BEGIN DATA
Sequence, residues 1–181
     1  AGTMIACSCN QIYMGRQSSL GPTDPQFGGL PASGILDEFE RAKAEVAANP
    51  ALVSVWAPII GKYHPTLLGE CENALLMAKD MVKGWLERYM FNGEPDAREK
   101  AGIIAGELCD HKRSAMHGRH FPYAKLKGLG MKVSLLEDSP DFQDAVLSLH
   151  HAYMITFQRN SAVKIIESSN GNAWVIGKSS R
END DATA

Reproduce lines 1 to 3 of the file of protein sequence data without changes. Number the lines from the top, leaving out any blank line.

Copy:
Sequence, residues 1–181
     1  AGTMIACSCN QIYMGRQSSL GPTDPQFGGL PASGILDEFE RAKAEVAANP
    51  ALVSVWAPII GKYHPTLLGE CENALLMAKD MVKGWLERYM FNGEPDAREK